A team of some 35 investment professionals in the Quantitative Equity team are involved in the research to see which strategies and approaches can add value in the future from identified market inefficiencies. “All this is tied together with our equity risk management system,” she says. “This proprietary system was developed some years ago and allows us to customise the model to the actual factors we are using in a more robust way than if we were to use other commercially available systems.”
Asked where she believes the strengths of GSAM lie, she says: “We believe we have a very strong specialist capability – almost a series of boutiques – linked together by a common brand, infrastructure and a shared way of thinking. No matter which of our investment platforms are involved, all activities are team-based, driven by proprietary research with a strong risk measurement culture. In addition, we are global in outlook, but each team has autonomy to produce alpha in different ways.”
The aim is to keep an entrepreneurial spirit alive in each team. “So the chief investment officer for each team will have control over investment decisions, as well as the composition of the team and its structure.”
She is confident that the specialist approach is completely in tune with where the European market is going. “Part of that is attributable to the fact that the group came to asset management in the mid 1990s with a blank sheet of paper. So the business was built in a way we thought the market would look, rather than going out building a book of balanced mandate business.”
The history of the business rested on developing GSAM’s investment capabilities. “So when we acquired the Coal scheme contracts in 1996, this gave us a base of assets, enabling us to attract portfolio management talent and build up our team we did not otherwise have.” It was the foundation of the European business, in her view. “To develop in a serious way meant having the infrastructure, requiring operations and technology spending to make the business scaleable. We could not produce the required alpha if our portfolio managers had to spend all their money on trades and so on.” It was only when the investment talent and infrastructure were in place that the client-facing aspects were refined.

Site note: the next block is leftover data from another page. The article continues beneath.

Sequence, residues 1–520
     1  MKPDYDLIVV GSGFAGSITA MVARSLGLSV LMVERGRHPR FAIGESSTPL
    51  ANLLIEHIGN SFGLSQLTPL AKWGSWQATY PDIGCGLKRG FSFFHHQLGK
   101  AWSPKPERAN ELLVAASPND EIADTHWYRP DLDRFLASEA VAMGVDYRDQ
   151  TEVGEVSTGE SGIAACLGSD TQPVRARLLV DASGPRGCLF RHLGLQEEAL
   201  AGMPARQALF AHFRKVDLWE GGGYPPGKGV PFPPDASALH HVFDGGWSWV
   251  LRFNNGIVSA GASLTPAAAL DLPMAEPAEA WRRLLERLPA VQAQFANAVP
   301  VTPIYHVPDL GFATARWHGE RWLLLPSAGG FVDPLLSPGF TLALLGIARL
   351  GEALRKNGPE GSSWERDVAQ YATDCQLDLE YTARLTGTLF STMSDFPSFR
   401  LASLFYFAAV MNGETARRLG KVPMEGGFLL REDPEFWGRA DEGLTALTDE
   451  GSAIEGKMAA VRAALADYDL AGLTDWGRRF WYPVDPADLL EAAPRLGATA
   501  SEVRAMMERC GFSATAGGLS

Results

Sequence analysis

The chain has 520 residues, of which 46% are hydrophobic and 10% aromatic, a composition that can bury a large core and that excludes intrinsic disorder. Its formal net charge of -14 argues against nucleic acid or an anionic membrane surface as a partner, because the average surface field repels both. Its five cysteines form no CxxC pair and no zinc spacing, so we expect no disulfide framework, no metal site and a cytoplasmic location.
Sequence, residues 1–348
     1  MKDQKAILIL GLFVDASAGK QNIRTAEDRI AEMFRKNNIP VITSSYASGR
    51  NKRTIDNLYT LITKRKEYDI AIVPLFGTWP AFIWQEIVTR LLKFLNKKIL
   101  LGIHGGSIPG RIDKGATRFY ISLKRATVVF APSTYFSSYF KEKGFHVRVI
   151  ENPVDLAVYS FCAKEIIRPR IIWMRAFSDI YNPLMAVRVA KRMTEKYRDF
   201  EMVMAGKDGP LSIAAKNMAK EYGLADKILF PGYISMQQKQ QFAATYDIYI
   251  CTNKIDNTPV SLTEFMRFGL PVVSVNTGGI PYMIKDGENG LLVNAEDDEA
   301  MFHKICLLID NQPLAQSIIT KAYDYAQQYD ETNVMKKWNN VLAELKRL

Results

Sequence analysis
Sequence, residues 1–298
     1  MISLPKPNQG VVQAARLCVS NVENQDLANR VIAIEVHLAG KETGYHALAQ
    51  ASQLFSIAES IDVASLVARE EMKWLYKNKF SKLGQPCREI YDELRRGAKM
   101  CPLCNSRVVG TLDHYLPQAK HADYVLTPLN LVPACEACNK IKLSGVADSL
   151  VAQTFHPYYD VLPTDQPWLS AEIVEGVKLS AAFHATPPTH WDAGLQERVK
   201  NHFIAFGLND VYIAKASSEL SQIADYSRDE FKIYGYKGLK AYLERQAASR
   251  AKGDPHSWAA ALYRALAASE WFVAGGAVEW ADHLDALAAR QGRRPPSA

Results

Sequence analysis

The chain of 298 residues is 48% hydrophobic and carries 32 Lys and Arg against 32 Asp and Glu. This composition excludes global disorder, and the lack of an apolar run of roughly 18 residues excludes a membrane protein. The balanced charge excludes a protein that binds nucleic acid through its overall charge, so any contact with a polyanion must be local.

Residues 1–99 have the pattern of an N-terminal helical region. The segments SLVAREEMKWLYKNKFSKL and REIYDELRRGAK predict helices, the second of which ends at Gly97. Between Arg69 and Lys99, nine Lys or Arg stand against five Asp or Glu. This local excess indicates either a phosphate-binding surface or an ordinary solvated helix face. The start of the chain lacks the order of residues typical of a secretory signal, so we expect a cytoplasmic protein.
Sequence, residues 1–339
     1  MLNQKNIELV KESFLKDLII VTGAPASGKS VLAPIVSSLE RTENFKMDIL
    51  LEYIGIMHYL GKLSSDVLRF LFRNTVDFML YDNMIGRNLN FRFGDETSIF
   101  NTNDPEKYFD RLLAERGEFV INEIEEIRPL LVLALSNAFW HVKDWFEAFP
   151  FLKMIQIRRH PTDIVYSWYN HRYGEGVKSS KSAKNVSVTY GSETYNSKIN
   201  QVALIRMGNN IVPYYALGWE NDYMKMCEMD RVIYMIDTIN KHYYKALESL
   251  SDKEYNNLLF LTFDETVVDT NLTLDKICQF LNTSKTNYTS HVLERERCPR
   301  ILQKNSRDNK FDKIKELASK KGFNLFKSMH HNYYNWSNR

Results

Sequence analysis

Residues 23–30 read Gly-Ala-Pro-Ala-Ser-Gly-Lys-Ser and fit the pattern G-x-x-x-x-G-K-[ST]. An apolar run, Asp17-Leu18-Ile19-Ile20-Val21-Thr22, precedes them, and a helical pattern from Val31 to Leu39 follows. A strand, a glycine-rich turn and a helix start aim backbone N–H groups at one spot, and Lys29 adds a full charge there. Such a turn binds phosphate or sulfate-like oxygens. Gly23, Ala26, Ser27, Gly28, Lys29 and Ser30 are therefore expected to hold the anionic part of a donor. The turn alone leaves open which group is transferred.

The strategy is to deepen the specialist capability and expand the coverage into the different regional areas as demand develops. “Among our strengths on the portfolio side are alternatives, particularly the uncorrelated asset space. We will continue to build up these capabilities. On the equities side we have expanded into the higher alpha space, with some more concentrated equity strategies, as we see the market evolving here.”
GSAM has also pioneered a fiduciary approach, winning a mandate from a Dutch insurer some years ago, and more recently a European equities fiduciary mandate. “There is a demand for this product among pension funds or insurers with perhaps just E1bn in assets.”The concept is to work in partnership with the client who remains in ultimate control of the asset mix, but GSAM helps with risk budgeting, benchmarking and manager selection.
“This is a growth market and we are talking to a number of pension plans, but we do not expect to win dozens of these mandates. We have to be careful about how we approach it, as it does absorb a lot of resources as it is highly customised. Working with the fund’s actuary means undertaking a lot of analysis, for example. So we have to be selective and will necessarily focus on larger clients.”

Goldman Sachs has a very active pensions group within the investment bank operations. “We do work with the pensions people who are part of the securities division in the bank. There can be opportunities to act jointly to present a more holistic solution. But Chinese walls exists between the two businesses so that we operate independently,” she says.
Her hopes for Europe are high: “I expect a strong year this year. The European market is a very fast growing part of GSAM as a whole and we are investing resources here as a consequence.
“We are active in a number of continental markets, but there are still some we are not covering yet. You will see us grow there in terms of people, but at the same time deepening what we do in our existing markets.” In Frankfurt GSAM now has 35 people; the Milan office growing, as, she says, is the small presence in France. “Also we have locally trained people based in London who look after the Dutch and Scandinavian markets.”
Other clients within the EMEA region are serviced from London. “Of our approximately $80bn European assets, some $30bn are managed in London, with the balance in other locations, including Asia.”
She adds a cautionary note as her parting comment: “The value of an asset management franchise as a business is totally connected to your success in keeping clients. The annuity revenue stream only continues as long as your clients stay with you! So that’s our first priority.”